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Avian Influenza (H5N1) and the Food Chain: The link between workers’ rights, working conditions, food safety and public health

Posted to the IUF website 07-Mar-2006

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As the highly pathogenic H5N1 strain of avian influenza spreads across the globe, public concern about the safety of poultry products has resulted in a sharp drop in sales that has seriously affected the employment security of workers in the poultry industry. At the same time, there is growing public alarm at the prospect of the H5N1 virus mutating into a new strain capable of human-to-human transmission. This has raised fears of a devastating global pandemic like the 1918 influenza outbreak that killed more than 50 million people.(1)

While these issues of food safety and virus mutation have drawn extensive media attention, a crucial issue linking both aspects of public health has been missed. This link is the crucial position of agricultural and food workers in the poultry industry who are on the front line of the battle against avian influenza. Poultry workers have the potential to identify infected flocks and ensure that outbreaks are quickly and properly contained. They are also in the best position to determine whether minimum food safety standards are being implemented, and whether processed poultry meat and eggs are handled in ways that minimize the risk of infection. Such a proactive role by poultry workers and their unions could help restore confidence and public trust in food safety, both as a means of protecting the public interest and protecting jobs.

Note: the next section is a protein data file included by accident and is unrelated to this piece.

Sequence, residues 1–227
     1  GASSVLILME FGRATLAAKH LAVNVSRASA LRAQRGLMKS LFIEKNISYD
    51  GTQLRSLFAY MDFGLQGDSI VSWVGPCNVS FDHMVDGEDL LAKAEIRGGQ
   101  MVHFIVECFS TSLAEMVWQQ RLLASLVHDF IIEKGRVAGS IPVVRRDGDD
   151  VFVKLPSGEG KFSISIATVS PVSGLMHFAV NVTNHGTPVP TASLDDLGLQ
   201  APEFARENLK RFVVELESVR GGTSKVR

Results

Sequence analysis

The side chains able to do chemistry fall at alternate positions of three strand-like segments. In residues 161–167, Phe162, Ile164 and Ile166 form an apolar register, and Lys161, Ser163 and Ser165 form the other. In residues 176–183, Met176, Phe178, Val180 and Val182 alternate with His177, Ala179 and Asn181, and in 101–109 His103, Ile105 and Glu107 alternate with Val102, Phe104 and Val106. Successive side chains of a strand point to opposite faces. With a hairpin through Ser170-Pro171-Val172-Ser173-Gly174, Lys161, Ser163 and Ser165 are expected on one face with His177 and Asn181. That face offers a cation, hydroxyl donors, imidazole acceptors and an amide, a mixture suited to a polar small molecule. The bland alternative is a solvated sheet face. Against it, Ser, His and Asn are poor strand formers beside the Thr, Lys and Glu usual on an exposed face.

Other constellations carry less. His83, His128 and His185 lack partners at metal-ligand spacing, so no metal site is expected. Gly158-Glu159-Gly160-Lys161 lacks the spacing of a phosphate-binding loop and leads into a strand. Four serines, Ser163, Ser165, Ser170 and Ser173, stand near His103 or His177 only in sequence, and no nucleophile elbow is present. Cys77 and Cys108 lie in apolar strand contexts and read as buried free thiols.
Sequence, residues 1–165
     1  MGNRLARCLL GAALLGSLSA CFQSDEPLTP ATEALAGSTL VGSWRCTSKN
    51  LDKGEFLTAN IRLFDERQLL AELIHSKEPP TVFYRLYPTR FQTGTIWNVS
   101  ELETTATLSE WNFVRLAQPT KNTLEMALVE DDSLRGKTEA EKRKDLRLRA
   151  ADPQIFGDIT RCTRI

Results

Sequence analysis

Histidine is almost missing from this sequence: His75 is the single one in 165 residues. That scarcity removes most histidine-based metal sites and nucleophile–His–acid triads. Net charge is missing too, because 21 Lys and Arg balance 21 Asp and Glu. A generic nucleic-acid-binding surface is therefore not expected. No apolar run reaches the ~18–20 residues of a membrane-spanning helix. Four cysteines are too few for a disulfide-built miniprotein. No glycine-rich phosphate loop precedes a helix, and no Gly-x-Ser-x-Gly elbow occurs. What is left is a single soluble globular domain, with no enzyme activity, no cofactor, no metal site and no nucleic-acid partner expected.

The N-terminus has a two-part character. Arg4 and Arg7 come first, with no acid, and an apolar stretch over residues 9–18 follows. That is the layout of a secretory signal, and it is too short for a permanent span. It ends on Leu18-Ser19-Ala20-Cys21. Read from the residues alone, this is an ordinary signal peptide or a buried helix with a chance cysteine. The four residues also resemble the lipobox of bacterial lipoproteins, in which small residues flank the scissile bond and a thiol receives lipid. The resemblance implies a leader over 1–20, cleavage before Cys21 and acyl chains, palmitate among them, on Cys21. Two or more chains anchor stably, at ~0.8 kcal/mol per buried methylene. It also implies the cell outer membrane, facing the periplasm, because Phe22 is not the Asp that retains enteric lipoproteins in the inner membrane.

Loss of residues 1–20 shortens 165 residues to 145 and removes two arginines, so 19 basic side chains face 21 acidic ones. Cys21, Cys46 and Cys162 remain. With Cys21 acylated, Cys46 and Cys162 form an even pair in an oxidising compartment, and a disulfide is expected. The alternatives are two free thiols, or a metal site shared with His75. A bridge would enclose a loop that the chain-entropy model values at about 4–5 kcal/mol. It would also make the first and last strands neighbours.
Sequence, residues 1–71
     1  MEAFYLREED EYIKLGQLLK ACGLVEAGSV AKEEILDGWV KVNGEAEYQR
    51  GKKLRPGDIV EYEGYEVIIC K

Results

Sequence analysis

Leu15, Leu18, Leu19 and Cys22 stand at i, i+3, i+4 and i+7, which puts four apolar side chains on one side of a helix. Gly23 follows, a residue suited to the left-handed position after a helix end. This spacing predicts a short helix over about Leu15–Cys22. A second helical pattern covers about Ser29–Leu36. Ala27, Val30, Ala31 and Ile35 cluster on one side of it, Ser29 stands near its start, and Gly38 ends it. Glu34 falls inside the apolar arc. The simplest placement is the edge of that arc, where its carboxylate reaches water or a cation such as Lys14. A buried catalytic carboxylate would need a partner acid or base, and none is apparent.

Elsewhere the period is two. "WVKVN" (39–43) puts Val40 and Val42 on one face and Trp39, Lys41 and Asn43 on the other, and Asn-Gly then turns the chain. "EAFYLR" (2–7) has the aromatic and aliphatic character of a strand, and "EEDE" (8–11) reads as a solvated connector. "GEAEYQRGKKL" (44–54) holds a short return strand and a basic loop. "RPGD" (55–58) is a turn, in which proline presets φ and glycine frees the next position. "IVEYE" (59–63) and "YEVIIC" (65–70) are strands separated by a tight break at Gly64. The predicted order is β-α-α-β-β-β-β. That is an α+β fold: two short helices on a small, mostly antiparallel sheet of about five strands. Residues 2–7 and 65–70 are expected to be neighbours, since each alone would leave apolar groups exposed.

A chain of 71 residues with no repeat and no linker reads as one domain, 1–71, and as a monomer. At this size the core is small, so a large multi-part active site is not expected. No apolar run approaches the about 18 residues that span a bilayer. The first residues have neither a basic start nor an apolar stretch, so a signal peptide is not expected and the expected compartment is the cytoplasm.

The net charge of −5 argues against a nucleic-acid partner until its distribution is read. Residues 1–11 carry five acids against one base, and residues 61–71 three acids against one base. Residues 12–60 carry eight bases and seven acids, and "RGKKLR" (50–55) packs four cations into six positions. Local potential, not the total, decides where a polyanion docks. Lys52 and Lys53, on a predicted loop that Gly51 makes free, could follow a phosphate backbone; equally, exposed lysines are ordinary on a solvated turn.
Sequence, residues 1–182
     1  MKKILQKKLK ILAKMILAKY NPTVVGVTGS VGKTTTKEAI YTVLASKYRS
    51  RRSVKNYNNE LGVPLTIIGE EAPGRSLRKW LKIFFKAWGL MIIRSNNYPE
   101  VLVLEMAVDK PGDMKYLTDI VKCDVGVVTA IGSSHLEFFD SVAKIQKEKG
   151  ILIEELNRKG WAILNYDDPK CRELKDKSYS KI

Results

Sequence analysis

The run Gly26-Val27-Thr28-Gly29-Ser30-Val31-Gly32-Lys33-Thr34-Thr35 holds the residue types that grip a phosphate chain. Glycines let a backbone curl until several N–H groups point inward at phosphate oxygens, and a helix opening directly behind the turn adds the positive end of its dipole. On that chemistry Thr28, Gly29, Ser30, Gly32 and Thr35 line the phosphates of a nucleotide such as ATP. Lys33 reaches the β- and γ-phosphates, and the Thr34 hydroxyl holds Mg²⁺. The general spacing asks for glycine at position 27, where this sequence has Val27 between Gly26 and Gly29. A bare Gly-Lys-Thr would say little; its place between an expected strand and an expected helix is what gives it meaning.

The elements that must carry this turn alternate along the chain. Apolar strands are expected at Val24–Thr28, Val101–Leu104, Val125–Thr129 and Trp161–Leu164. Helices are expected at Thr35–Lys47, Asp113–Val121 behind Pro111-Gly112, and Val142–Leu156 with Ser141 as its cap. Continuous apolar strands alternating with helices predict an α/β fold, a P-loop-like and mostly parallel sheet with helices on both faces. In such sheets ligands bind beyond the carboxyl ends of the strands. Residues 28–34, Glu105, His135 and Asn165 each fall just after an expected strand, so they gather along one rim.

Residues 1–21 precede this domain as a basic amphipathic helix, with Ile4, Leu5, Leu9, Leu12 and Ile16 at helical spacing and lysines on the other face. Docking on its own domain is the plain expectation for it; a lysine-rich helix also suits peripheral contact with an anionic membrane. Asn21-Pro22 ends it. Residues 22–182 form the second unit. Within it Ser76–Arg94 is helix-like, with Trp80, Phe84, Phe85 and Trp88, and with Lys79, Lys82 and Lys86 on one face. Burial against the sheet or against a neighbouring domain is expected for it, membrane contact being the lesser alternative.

Another crucial aspect of this link between poultry workers and public health concerns the fact that they - more than anyone else - face intensive, daily occupational exposure to the risk of avian influenza. Poultry workers are therefore one of the most likely vectors for a mutated H5N1 virus capable of human-to-human transmission. This means that the capacity of governments at multiple levels to protect the public is contingent on the linkages along the food-chain which bind public health and food safety to the working conditions and rights of agricultural and food workers.

In its present form the H5N1 virus can be transmitted to humans through contact with secretions and excretions from an infected bird, such as saliva, nasal secretions and feces. Since birds carry influenza viruses in their intestines the feces of an infected bird is particularly hazardous. But it is not just direct contact with feces that poses a risk. Infection can also result from contact with any surfaces contaminated with the feces of an infected bird. The virus can even be transmitted in dust contaminated with feces.

Therefore, in terms of the occupational hazards posed by the H5N1 virus, workers must be concerned not only with direct contact with the blood, bodily fluids or feces of infected birds , but also any surfaces or dust that could be contaminated. In addition to workers who handle live poultry, clean poultry houses/cages, catch poultry, slaughter poultry, clean slaughtered poultry, clean up after slaughtering, handle uncooked poultry carcasses, handle uncooked meat on processing lines (and any of the other jobs in between), we have to add all those workers who come into contact with surfaces and dust on poultry farms, vehicles used to transport poultry, slaughterhouses, breeding and hatching facilities, and poultry processing plants.(2) In addition, there are agricultural workers whose work brings them into contact with fertilizers derived from chicken manure and – at the other end of the food chain – hotel, restaurant and catering workers who handle uncooked chicken products.